Lessons From An Original

A strange thing happened recently at forkinthehead galactic headquarters .

Each week, we send out a newsletter. And within each newsletter there is a very brief survey – usually just two or three questions.

We include the questions to keep in touch with what our core subscribers are thinking. As you may know, I believe that unfettered feedback is a very good thing.

Our subscribers are almost all people who work on web sites in one capacity or another, and recently we’ve been asking what they need to learn most about this coming year.

By and large, they want to learn more about how to sell stuff from their sites.

Fair ‘nuf. So in our last newsletter, we asked everyone if they would like to hear a lot more about “how to sell stuff” in the forkinthehead newsletter and on our web site.

Over 80 percent of respondents said yes.

At this point, you might expect us to have leapt at this opportunity and made a quick shift in the focus of our site. After all, such overwhelming feedback is like gold dust. Our readers have made their wishes clear and, if we were to fulfill those needs, they’d be very happy with us.

But we’re not going to take that route. In part, thanks to this reply from one of the remaining 20 percent.

In reply to my question, “Where do you go right now for information on ‘selling stuff on the web’?” One reader replied: “Every other newsletter on the web. It is great to not have you among them. Don’t change and join the masses. Your newsletter is an original. There are very few out there.”

That comment stopped me dead in my tracks. How right he is. (And he gets bonus points for writing in short sentences.)

Getting feedback from your community is paramount. You need to know what they’re thinking. But once you have that feedback, you shouldn’t just follow it blindly.

Will our readers be disappointed that we won’t be following their wishes to the letter?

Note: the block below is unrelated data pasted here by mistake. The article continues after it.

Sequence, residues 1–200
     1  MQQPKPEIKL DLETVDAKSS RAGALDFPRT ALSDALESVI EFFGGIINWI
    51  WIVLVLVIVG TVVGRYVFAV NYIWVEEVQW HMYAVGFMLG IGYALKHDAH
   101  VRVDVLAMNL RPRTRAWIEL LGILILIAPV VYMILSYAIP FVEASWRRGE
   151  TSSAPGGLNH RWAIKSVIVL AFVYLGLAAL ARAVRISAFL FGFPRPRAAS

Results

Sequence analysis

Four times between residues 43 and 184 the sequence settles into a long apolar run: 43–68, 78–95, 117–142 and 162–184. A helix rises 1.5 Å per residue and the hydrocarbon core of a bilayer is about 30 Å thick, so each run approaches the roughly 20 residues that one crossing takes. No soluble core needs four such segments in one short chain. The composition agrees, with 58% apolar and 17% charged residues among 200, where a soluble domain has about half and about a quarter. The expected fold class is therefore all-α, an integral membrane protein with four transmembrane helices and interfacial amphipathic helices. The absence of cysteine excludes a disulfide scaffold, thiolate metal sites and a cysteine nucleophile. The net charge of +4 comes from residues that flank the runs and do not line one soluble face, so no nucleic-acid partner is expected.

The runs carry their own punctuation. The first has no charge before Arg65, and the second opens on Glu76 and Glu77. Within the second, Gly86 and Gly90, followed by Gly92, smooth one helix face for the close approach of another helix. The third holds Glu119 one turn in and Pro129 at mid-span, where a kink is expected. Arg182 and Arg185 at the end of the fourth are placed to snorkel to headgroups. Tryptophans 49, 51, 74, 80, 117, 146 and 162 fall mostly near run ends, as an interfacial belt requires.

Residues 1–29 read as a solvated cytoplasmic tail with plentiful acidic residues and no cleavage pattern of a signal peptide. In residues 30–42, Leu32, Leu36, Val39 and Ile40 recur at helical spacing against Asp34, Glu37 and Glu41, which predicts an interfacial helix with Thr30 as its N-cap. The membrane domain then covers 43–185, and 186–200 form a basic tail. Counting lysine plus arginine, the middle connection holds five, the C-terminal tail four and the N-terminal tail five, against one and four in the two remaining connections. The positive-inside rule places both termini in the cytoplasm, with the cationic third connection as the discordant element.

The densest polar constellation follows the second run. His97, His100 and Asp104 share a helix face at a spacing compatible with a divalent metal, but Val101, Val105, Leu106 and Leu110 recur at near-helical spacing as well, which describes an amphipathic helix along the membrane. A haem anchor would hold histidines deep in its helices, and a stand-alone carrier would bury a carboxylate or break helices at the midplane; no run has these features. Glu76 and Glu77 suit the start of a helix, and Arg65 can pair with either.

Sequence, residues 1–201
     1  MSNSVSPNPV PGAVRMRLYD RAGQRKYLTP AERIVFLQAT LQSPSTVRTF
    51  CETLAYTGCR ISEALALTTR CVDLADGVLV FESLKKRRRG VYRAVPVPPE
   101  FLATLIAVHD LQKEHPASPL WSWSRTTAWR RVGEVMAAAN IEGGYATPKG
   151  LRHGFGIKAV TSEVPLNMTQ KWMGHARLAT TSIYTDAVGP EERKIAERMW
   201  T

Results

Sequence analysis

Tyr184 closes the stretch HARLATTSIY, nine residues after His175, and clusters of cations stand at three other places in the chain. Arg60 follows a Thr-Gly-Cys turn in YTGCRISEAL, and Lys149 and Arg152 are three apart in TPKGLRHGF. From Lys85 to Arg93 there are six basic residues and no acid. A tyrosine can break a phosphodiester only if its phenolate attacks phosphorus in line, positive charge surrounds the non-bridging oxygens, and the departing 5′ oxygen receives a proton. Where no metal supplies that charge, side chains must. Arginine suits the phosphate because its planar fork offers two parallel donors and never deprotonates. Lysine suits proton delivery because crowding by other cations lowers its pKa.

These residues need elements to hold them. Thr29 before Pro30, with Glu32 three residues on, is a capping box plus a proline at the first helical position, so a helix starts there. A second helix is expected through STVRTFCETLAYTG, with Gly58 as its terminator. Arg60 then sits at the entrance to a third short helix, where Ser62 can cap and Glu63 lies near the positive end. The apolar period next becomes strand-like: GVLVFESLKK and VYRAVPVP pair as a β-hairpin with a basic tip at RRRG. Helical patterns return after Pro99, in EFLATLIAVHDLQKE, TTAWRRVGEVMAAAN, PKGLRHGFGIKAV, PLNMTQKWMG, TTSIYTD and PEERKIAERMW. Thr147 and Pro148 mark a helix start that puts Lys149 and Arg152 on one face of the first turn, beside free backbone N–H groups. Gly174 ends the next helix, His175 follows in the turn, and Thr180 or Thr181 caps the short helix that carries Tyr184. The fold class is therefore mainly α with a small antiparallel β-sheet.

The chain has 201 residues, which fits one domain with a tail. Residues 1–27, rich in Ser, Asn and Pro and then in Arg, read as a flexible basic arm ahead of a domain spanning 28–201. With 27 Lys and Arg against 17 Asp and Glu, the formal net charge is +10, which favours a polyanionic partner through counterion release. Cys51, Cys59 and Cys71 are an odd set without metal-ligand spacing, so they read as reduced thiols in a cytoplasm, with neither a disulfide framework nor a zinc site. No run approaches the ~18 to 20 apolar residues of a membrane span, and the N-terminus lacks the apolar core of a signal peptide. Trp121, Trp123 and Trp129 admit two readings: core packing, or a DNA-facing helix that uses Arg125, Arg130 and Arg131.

I don’t think so.

So now I’m thinking “originality” and my focus shifts to that very strange animal, the Internet portal.

(My definition of “portal”: Teflon interface in search of stickiness.)

I’ve been looking around the major portal homepages lately because they puzzle me. They’re big. They’re supported by billions of dollars in investment. Yet they appear, to me, to be running off in a very strange direction.

Part of what confuses me is that they are starting to look more and more like each other. The differences, such as they were, are blurring. They’re the same – less the hype.

They look a bit like a bunch of competing Yellow Pages directories.

Really, I think so. Each portal is becoming more and more text-based and comprises a zillion company listings and ads. It’s a directory.

And, like your average telephone directory, portals are becoming a really boring read. When was the last time you curled up in bed with your local Yellow Pages directory? That’s got to be a pretty desperate moment.

How have the portals got to this point? Well, that’s a big question to which I certainly don’t presume to have all the answers. But I bet part of the answer is that they are all trying to be all things to all people. They’re going for volume.

In other words, they listen to the market – but fail to filter the messages. When they get 80 percent of people in favor of one direction – that’s where they go. The result is boring. Each portal loses its points of difference.

They cease to be original.

And I suspect, for their investors, that loss of originality will ultimately prove to be a very bad thing.

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